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News : TransLink to Consider Taking HandyDart in House
Vancouver, BC, USA, Dec 9, 2015 -- TransLink said it will consider taking making HandyDart an in-house subsidiary after passengers complained Wednesday that the corporation running the service often leaves them waiting hours for a bus.
The contract with American-based MVT Canadian Bus comes up for renewal in 2017, at which time TransLink will look at all options, said outgoing TransLink board chairman Barry Forbes. He said TransLink will consider the pleas of HandyDart passengers as part of a review of the system, which caters to people with disabilities, early next year.
"All of us were pretty moved by the comments from the folks," Forbes said after the meeting Wednesday. "We are concerned. We had an offer to work with these folks more and we want to do that. We will consider (taking HandyDart) in-house as well as other options when we look at what are the ways we can provide service in the future."
At the meeting, Pam Winthrop said she drives her 20-year-old son from Ladner to Richmond every day so he can get a HandyDart to his Vancouver school. He never arrives on time. Bet Tuason, who is on kidney dialysis, said he has passed out three times — and has had to be resuscitated — while waiting for HandyDart to show up, while Sandra Bryan has missed her medical appointments and claims she has been abused by the HandyDart call centre after she complained.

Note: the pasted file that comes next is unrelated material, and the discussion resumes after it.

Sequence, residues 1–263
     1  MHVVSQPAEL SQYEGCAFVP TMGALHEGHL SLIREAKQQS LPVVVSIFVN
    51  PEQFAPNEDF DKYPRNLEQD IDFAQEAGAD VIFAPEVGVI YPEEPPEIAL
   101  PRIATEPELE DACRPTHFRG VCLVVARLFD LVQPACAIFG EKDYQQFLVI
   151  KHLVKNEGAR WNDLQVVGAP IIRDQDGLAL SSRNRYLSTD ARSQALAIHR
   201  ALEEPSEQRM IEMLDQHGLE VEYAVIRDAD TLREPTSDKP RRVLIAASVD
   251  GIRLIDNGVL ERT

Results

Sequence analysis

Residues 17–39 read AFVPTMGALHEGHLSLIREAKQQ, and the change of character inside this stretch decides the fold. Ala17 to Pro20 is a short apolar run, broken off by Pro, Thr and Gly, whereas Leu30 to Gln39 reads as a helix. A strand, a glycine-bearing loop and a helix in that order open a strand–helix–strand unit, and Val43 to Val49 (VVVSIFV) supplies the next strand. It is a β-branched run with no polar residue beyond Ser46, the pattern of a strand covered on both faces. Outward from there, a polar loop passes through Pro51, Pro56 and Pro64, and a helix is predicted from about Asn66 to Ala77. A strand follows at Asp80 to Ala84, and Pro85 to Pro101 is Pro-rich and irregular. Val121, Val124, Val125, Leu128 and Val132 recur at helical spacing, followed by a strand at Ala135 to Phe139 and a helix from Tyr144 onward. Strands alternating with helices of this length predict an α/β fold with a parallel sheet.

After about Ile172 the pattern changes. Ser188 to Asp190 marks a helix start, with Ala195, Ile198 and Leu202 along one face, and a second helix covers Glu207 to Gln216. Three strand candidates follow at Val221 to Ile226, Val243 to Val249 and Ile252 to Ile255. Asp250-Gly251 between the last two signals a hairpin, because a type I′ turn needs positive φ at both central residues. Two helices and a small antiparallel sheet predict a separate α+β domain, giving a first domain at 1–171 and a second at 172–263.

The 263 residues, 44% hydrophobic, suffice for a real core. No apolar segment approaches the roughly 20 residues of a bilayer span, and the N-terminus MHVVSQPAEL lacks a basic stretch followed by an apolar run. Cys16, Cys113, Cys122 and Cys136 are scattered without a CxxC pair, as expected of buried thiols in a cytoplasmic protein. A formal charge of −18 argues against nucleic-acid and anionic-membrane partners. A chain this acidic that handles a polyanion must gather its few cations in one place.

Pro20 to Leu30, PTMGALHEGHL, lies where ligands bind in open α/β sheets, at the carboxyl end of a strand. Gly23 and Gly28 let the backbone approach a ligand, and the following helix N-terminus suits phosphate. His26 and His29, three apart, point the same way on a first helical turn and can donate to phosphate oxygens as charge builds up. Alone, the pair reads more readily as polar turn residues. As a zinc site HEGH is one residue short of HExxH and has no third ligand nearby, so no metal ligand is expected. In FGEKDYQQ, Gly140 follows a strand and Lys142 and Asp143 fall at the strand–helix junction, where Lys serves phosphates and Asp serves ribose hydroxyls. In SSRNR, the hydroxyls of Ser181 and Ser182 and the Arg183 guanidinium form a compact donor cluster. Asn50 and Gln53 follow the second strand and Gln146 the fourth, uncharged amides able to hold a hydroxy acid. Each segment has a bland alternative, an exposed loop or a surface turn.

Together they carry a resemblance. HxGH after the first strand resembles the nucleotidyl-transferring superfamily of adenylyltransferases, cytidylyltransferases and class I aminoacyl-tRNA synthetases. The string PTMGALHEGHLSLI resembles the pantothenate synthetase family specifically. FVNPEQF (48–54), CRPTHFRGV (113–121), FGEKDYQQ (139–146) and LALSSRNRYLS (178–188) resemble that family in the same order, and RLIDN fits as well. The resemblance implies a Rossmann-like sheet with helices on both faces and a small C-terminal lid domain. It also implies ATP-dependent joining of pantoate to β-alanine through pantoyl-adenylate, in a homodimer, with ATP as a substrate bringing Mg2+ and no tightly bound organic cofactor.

Beth McKellar, who suffered a spinal cord injury 16 years ago, urged TransLink to do the right thing, noting that many people are told to take taxis instead of HandyDart, and wind up stranded because there are none available.
"I don’t know if any of you able-bodied people know what it’s like to live our lives, but you will," she said. "You’re getting older. This is so wrong on so many levels. Let’s make it right."
Bob Chitrenky, president of the Amalgamated Transit Unit, agreed there will be increased demand for HandyDart in the future and said TransLink should consider moving it in house. "We believe it’s time for TransLink to look at alternatives to contracting out," he said. "It’s time to provide service and not profit at the expense of the elderly and disabled."
Posted by Veronica Silva Cusi, news correspondent
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TransLink is Metro Vancouver’s regional transportation authority and is responsible for public transit, the major roads network, five bridges, cycling options and more in the region.
Published: Friday, December 11, 2015